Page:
Maryland’s Budget Problem, Beyond the Talking Points

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If you’ve been following Maryland’s budget issue, you’ll know that Democrats are warning of a budget plan with hundreds of millions of dollars in cuts to things like education, law enforcement, libraries,  and state employees that is set to take effect unless the General Assembly passes a tax package in a special session, while Republicans argue that the so called “doomsday budget” actual represents a spending increase of $700 million.

At least one of them is lying, right? Or else maliciously distorting the truth. I mean, we’re talking about some pretty contradictory arithmetic, here. And with little to no explanation beyond these simple claims, what we get is not so much an argument as a partisan shouting match.

Now, I’ve got at least one thing in common with Mike Daisey, Glenn Beck, Crystal Cox, and this other guy: I’m not a journalist. So it was with great indignation as a citizen-blogger being forced to actually contact someone for a comment that I wrote to the Maryland Department of Budget and Management and asked them how Democrats could see hundreds of millions in cuts where Republicans see hundreds of millions in additional spending.

I heard back from Takirra Winfield, the governor’s deputy press secretary. She explained it to me this way:

In response to your question – the increase is $687 [million] in total funds due to an increase in special and Higher Education Funds(Education Trust Fund, higher ed tuition increases, MDOT and other special fund Capital monies).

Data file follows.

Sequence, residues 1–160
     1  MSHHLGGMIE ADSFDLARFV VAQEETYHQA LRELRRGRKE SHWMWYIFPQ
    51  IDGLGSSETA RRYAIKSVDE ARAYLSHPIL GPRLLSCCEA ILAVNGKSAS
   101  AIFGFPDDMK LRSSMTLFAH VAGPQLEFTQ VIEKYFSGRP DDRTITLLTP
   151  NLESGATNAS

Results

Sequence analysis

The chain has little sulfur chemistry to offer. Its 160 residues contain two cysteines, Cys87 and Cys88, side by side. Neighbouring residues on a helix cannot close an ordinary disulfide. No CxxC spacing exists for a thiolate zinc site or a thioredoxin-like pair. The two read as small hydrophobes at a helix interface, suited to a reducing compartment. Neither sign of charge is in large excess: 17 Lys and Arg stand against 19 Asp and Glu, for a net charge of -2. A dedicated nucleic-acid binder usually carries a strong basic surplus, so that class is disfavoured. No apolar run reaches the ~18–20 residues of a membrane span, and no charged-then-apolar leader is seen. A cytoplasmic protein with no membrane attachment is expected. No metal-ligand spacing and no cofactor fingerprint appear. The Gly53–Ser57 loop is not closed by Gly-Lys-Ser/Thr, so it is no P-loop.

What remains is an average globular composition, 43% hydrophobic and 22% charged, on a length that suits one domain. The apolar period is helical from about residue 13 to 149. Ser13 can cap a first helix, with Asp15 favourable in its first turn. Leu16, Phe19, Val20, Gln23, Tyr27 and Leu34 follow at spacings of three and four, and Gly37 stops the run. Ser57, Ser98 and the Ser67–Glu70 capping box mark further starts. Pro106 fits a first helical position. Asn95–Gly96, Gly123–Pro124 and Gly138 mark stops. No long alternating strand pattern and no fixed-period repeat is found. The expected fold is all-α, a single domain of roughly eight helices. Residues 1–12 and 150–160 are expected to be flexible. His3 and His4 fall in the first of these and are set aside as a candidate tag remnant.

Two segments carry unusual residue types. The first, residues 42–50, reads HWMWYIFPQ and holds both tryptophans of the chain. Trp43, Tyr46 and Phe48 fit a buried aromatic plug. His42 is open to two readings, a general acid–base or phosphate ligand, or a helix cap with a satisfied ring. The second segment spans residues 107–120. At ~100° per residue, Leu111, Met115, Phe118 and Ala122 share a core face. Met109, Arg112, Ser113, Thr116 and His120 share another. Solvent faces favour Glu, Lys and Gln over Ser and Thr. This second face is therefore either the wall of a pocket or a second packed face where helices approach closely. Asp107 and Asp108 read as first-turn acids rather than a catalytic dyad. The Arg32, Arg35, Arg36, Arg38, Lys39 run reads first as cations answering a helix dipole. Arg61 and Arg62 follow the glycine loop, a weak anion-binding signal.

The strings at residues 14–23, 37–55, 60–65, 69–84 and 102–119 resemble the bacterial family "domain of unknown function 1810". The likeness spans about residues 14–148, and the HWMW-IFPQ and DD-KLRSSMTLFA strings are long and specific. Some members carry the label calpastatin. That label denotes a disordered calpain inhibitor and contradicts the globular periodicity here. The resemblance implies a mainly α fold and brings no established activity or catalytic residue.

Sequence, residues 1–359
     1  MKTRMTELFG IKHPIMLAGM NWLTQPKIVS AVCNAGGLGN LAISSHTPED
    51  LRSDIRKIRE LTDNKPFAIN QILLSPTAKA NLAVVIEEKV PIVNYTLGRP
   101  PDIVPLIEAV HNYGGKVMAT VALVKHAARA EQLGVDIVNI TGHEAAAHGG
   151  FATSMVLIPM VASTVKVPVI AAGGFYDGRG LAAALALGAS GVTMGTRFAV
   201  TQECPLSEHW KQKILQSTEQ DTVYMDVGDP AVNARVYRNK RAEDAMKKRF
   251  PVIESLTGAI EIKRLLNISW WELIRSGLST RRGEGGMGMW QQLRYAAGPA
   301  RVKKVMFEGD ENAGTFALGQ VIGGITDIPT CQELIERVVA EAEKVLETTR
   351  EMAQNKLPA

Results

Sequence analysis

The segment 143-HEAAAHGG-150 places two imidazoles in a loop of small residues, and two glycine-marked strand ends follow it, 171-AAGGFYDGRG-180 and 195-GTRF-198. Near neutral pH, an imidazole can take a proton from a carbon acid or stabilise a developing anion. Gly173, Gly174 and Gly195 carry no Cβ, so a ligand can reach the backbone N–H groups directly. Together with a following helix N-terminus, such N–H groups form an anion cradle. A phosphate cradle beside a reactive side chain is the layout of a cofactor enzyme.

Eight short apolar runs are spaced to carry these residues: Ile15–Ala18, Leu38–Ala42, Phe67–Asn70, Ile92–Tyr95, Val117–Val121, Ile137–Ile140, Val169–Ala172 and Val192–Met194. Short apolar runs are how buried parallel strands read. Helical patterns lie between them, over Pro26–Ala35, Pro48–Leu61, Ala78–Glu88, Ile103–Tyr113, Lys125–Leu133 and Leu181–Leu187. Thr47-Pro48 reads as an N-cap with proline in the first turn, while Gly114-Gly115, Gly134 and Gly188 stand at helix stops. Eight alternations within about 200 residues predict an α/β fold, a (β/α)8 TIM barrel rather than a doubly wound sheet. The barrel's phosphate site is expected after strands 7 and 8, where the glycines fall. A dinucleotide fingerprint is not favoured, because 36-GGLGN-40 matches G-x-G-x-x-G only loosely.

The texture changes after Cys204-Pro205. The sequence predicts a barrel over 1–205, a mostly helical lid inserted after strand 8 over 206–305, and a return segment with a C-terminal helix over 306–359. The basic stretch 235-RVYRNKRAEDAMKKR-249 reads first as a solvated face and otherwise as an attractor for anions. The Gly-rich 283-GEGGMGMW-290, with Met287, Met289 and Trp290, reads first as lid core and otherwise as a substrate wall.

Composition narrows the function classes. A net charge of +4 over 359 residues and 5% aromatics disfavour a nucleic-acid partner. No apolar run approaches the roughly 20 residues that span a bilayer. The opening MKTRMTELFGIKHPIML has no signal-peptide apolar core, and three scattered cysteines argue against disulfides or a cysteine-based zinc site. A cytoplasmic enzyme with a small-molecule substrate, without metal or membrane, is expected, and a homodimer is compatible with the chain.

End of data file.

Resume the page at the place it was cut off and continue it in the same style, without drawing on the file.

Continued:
The State’s total fund budget increased just 1.9 percent in the Governor’s budget proposal, but that’s misleading. That 1.9 percent figure reflects growth in things like the increased number of wastewater infrastructure projects we’re doing and increased funds we receive from the federal government to provide safety net and health care services to our most vulnerable citizens.

When you look at the State’s General Fund budget — that’s the core State budget that reflects our priorities of public safety, public health, and public education, probably most akin to a household’s budget where families make choices on how to spend their money, our proposed General Fund budget actually declined $56M compared to last year. And that reduction comes on the heels of eliminating more than 5500 positions since 2007 and cutting billions in recent years.

Coming as it does from the office of the governor, it’s a partisan explanation, but it’s a little more in-depth and actually addresses the opposing argument: the nearly $700 million increase that Republicans are referring to is true of the “total fund budget,” but much of that is money from the federal government, and it’s earmarked for specific projects, whereas the “General Fund budget” saw a $56 million decline. And further that any increase or decrease in the current state budget ought to be understood in a context of a declining budget since 2007.

For a worthy rebuttal to that argument, I’ll refer to The Washington Post. It’s the opinion of the editorial board that some of what the “doomsday budget” cuts should stay cut, and that the Democrats really bear the responsibility for the crummy budget, having deliberately designed the $500 million in cuts “to be distasteful to Democrats and the interest groups that support them.”

I’ll admit I wonder how Maryland’s very empowered Democratic party could be up in arms about the budget they ultimately made for themselves.

Okay, it’s still not the whole story, but it’s a start.

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